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dc.contributor.authorTakechi, Ryusuke
dc.contributor.supervisorAssoc. Prof. Satvinder Dhaliwal
dc.contributor.supervisorProf. John Mamo

It has been reported that lifestyle including diet is associated with Alzheimer’s disease (AD) risk and progression. Population studies indicate that the chronic consumption of diets enriched in saturated fats (SFA) and cholesterol significantly increase the risk of AD onset and progression. However, the mechanisms underlying the association of AD risk with dietary fat intake are presently unclearProteinaceous deposits enriched in amyloid-β (Aβ) within the cerebral parenchyma (amyloid plaque) and in the cerebrovasculature (cerebral amyloid angiopathy) are the hallmark pathological features of AD. Several animal and cell culture studies suggest that high-fat diets exacerbate amyloidosis by promoting Aβ secretion by neurons and increasing the propensity for oligomerization to occur. However, there is little evidence consistent with cerebral Aβ overproduction in AD. Rather, recent studies in animal models of AD suggest that efflux of Aβ relative to its delivery from the blood is pivotal to cerebral Aβ homeostasis.Two lines of evidence led me to develop the hypothesis that dietary fats may influence AD risk by modulating cerebrovascular exposure to circulating Aβ (Paper1 presented as Literature review of thesis). Firstly, Aβ has potent vasoactive properties and blood vessels treated with exogenous Aβ show substantial structural damage. Moreover, exaggerated plasma Aβ could occur because of chronic ingestion of diets enriched in fats. Dietary SFA were found to significantly increase Aβ abundance within the absorptive cells of small intestine (enterocytes) and thereafter, substantial plasma Aβ remains associated with triglyceride rich lipoproteins (TRLs). It is my contention that cerebrovascular integrity is compromised by the ingestion of fats which increases the plasma concentration of Aβ.An immunohistochemical approach was developed to explore the effects of dietary SFA and cholesterol on cerebrovascular integrity and Aβ kinetics at the bloodbrain barrier (BBB) (Paper 2 presented as Chapter 2 of thesis). Wild-type (WT) mice were used for the dietary intervention studies and appropriate comparisons were made with amyloid precursor protein/presenilin-1 (APP/PS1) amyloid transgenic mice, an established model of AD (Paper 3-5 presented as Chapters 3-5). Critical to the primary scientific objectives, three-dimensional colocalization analysis using double immunofluorescent microscopy was developed (Paper 2). This double immunofluorescent labelling technique enabled the simultaneous detection of two proteins utilizing polyclonal antibodies derived from the same species. Briefly, in order to avoid the cross-reactivity of two polyclonal antibodies that originate from the same species, the concentration of one of the primary antibodies was reduced, so that it was undetectable with conventional secondary antibody methodologies. Rather, avidinbiotin amplification that was specific for the diluted primary antibody was utilized to identify its specific immunoreactivity. The double labelling of proteins with certainty that cross-reactivity did not occur, enabled consideration of protein distribution and association within tissues and cells.In some cells Aβ is generated following processing of a precursor protein (APP) embedded within the plasma membrane. However, Chapter 5 of this thesis (Paper 5) shows that within enterocytes of the upper small intestine, Aβ genesis occurs within the Golgi apparatus and is likely secreted associated with nascent postprandial lipoproteins (chylomicrons). Apolipoprotein B immunoreactivity was used as a surrogate marker of enterocytic chylomicron distribution as it is an obligatory component of these macromolecules.Evidence that plasma derived apo B lipoproteins containing Aβ may contribute to the aetiology of AD is presented in Chapter 3 (Paper 3). Consistent with the hypothesis presented, APP/PS1 mice were previously reported to have significantly increased secretion of TRL-Aβ as a consequence of the genetically induced overexpression of Aβ. However, this study expanded on that finding and explored if there was evidence of blood-to-brain delivery of apo B and if this was positively associated with amyloid plaque distribution and abundance. In transgenic APP/PS1 mice, immunoreactive apo B was detected in the core and periphery of cerebral amyloid plaques with significant colocalization coefficience (Manders’ overlap coefficient = 0.85±0.004). The findings are consistent with the notion that cerebrovascular exposure to plasma TRL-Aβ is causally associated with cerebral amyloidosis.Chapter 4 (Paper 4) investigates the differential effects of dietary fatty acids on BBB integrity. WT mice were fed either low-fat (LF) control chow, or physiologically relevant diets enriched in SFA, monounsaturated fatty acid (MUFA) or polyunsaturated fatty acid (PUFA) for either 3 or 6 months. Blood-to-brain delivery of apo B was found in SFA fed mice and exaggerated with a longer duration of feeding. The distribution of cerebral apo B in SFA fed mice, closely paralleled with the distribution of Aβ, consistent with blood-to-brain delivery as a lipoprotein complex. The cerebral extravasation of apo B was more evident in the cortex region (CTX) than in hippocampal formation (HPF). Mice fed the LF control, MUFA or PUFA diets for 3 or 6 months showed no evidence of apo B/Aβ parenchymal extravasation. The cerebral distribution of immunoglobulin G (IgG) was used as a surrogate marker of non-specific plasma protein leakage into the brain.In SFA fed mice alone, significant peri-vascular leakage of IgG was observed, suggesting that the endothelial dysfunction induced by SFA feeding was a non-specific or leakage phenomenon. Consistent with the latter, plasma S100B, a marker of brain-to-blood protein kinetics, was significantly increased in SFA fed mice but not in LF control, MUFA or PUFA supplemented mice. SFA group mice also had significantly attenuated occludin-1 expression, the primary BBB endothelial tight junction protein. Apo B and IgG extravasation greater in CTX than in HPF, increased plasma S100B, and decreased occludin-1 abundance were also observed in APP/PS1 amyloid transgenic mice. Hence the findings in SFA fed mice are consistent with a causal role in cerebral amyloidosis.The data presented in this thesis and consideration of other studies reported particularly since commencement of my candidacy are then presented in Chapter 5, which was published as a review in Progress in Lipid Research (Paper 5). Briefly, several studies suggest that significant plasma Aβ is associated with TRLs secreted by the small intestine as chylomicrons and from the liver as very low density lipoproteins. Evidence presented in this thesis of apo B colocalization within amyloid plaques is consistent with the concept that plasma derived lipoprotein-Aβ may be causally associated with cerebral amyloidosis. However, for delivery of lipoprotein-Aβ from blood to brain to occur, the breakdown of BBB function would be required as the cerebrovasculature architecture normally prevents transport of large macromolecules such as lipoproteins.In this study, chronic consumption by WT mice of food enriched in SFA resulted in non-specific leakage of plasma proteins within the brain parenchyma, analogous to that observed in an established transgenic murine model of AD (APP/PS1 mice). Within the review, dietary cholesterol is shown to elicit the same response. The mechanisms by which SFA and cholesterol cause the BBB dysfunction are presently unclear. Increased BBB exposure to circulating TRL-Aβ is one possibility, however, there was no significant difference in fasting plasma Aβ in mice maintained on SFA or cholesterol supplemented diets compared to LF control. Postprandial transient increases in plasma TRL-Aβ, not necessarily detected in fasting blood, may have been sufficient to cause the BBB dysfunction, but this was not specifically investigated. Alternatively SFA and cholesterol may have compromised cerebrovascular integrity via Aβ independent mechanisms, many of which are considered in depth in the review article. The review manuscript also discusses the potential mechanisms that could contribute to the extracellular retention of apo B lipoproteins enriched in Aβ and the inflammatory sequelae that may ensue thereafter. There is a positive association of apo B/Aβ retention with the abundance of the heparin-sulphate proteoglycans; perlecan, biglycan and decorin. A number of studies show that apo B lipoproteins are avidly metabolized by inflammatory cells and indeed under certain conditions may trigger the inflammatory cascade. In the review article, this paradigm is discussed in the context of apo B lipoproteins containing Aβ and putative interaction with activated glial cells.Collectively, the results presented in this thesis suggest that dietary SFA and cholesterol may increase the risk of AD and/or accelerate the progression of disease by compromising cerebrovascular integrity and promoting the cerebral delivery of Aβ from the blood. The findings support the contention that diet is an important consideration in the context of disease prevention, but also raise the intriguing notion that nutritional intervention approaches could be developed to treat AD.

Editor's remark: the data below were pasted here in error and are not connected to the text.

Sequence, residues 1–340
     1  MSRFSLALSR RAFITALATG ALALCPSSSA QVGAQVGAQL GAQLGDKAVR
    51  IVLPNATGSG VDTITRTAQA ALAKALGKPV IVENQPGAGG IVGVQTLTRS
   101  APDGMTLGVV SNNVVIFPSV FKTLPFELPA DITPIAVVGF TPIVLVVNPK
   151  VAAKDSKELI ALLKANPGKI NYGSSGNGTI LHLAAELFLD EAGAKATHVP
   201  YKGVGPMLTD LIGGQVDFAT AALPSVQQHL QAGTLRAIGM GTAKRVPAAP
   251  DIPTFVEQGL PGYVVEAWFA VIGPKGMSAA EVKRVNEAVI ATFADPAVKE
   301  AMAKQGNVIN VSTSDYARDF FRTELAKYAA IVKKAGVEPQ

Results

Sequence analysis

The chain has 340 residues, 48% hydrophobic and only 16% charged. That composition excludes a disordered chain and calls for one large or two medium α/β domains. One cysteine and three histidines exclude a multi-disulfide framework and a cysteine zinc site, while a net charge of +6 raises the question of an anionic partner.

dc.publisherCurtin University
dc.subjectAlzheimer’s disease
dc.subjectchronic intake of saturated fat and cholesterol
dc.subjectblood-brain barrier function
dc.titleDisruption of blood-brain barrier function by chronic intake of saturated fat and cholesterol : implications for Alzheimer’s disease risk
curtin.departmentSchool of Public Health
curtin.accessStatusOpen access